CANPAC: A seat at the table

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The West Campus skyline, buildings short and tall. 

Photo Credit: Ryan Nill | Daily Texan Guest Columnist

A city council resolution brought by the Central Austin Neighborhood Planning Advisory Committee (CANPAC) would, if passed, negatively affect Greek and Co-operative Housing. The Committee is made up of representatives of the seven neighborhoods west and north of campus, but students have only been represented for the past two years. CANPAC works with the city to zone and define the use of properties; this work ultimately establishes the character, price, and demography of neighborhood demographics. In 2002, at the behest of a City Council tired of hearing numerous heated zoning debates,  CANPAC was formed and given two years to enact a neighborhood plan, upon which everybody could agree. The plan’s main goals were to preserve the nature of the neighborhoods and to make West Campus a vibrant, dense, diverse and affordable urban hub.

In the spring of 2004, city planners presented the plan to the Student Government Assembly and held two open forums in spring 2004. At the assembly, students expressed concern about lack of affordability, decreased parking and the aesthetics of building heights. They also expressed concern over only being allowed input in the final three months of a 24-month process.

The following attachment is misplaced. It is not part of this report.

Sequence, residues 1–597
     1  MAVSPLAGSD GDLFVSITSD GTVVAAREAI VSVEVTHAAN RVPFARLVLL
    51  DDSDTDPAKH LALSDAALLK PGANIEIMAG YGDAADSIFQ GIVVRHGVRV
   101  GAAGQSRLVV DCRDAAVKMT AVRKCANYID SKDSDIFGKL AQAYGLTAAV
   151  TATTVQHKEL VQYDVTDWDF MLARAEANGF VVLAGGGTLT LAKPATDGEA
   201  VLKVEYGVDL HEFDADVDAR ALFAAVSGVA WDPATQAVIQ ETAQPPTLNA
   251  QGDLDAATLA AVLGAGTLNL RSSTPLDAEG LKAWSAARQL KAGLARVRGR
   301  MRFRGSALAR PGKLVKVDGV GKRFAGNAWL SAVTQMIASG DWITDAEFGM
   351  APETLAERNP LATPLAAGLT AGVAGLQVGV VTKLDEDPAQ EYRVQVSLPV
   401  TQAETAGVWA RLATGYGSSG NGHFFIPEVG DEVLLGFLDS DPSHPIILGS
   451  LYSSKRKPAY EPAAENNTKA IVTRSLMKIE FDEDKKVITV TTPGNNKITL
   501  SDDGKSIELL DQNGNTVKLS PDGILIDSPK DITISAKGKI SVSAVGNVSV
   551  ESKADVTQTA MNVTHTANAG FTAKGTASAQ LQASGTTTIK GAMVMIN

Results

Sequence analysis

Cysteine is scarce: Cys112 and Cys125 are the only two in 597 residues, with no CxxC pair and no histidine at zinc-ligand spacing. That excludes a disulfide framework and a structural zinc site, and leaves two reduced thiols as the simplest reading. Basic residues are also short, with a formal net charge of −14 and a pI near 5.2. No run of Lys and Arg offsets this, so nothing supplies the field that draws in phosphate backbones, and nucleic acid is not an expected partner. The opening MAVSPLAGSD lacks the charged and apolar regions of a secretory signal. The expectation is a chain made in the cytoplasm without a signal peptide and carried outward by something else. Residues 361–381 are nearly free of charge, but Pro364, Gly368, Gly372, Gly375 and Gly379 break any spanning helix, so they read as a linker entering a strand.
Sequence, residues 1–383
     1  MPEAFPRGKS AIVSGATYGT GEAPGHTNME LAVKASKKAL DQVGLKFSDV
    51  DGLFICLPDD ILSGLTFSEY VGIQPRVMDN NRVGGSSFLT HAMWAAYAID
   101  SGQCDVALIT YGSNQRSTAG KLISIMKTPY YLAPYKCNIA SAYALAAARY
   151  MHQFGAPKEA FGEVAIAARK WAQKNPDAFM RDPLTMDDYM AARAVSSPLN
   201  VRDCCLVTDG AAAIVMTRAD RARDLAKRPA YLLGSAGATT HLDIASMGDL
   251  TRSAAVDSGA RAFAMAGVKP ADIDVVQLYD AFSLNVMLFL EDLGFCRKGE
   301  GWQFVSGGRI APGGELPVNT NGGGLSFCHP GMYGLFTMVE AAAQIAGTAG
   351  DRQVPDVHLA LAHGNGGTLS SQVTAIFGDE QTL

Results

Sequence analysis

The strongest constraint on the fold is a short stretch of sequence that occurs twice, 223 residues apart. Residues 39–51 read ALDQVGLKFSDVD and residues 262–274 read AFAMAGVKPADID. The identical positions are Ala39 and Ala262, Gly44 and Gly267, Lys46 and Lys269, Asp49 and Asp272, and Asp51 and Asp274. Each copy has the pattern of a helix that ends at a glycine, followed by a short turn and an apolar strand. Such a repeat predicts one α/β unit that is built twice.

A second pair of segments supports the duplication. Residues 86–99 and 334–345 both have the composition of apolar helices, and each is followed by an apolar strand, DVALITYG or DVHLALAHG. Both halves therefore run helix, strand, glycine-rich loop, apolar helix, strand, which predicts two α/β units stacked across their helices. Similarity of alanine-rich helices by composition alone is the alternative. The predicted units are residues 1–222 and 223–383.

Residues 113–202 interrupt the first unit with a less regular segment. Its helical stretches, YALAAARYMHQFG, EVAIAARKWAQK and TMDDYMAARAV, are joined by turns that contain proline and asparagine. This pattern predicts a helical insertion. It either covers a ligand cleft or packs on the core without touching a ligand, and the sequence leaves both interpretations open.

The historic lack of student representation, combined with unfortunate timing — the rezoning issue was brought up during the summer, when many students were gone — and the fact that student representation on CANPAC hasn’t been made permanent leave students with the sense they’ve been cut out of the loop. CANPAC Secretary Linda Team and CANPAC Co-Chair Nuria Zaragoza were unable to confirm whether the temporary nature of the student had yet been voted on, but they are currently operating as if students have a permanent position. 

The Student Government in April appointed as current CANPAC representatives Alayna Alvarez and Samuel Rhea. Student Government informs all external bodies, including CANPAC, of their new representatives upon appointment, and it is the responsibility of the CANPAC Committee to inform representatives of upcoming meetings. On the rezoning issue, Alvarez says, “Both sides have valid points, but I don’t think that this ordinance considered students’ needs enough.”

CANPAC Secretary Team says that CANPAC wants students involved in the process of neighborhood policy making and that she has also enjoyed working with both the Inter-Cooperative Council and the Inter Fraternity Council in the past. I believe, despite a rocky history, students have earned their seat at the CANPAC negotiating table. They should be sure to keep that hard-earned right to negotiate by attending tomorrow’s open meeting.

Nill is an ecology, evolution and behavior sixth-year from San Antonio.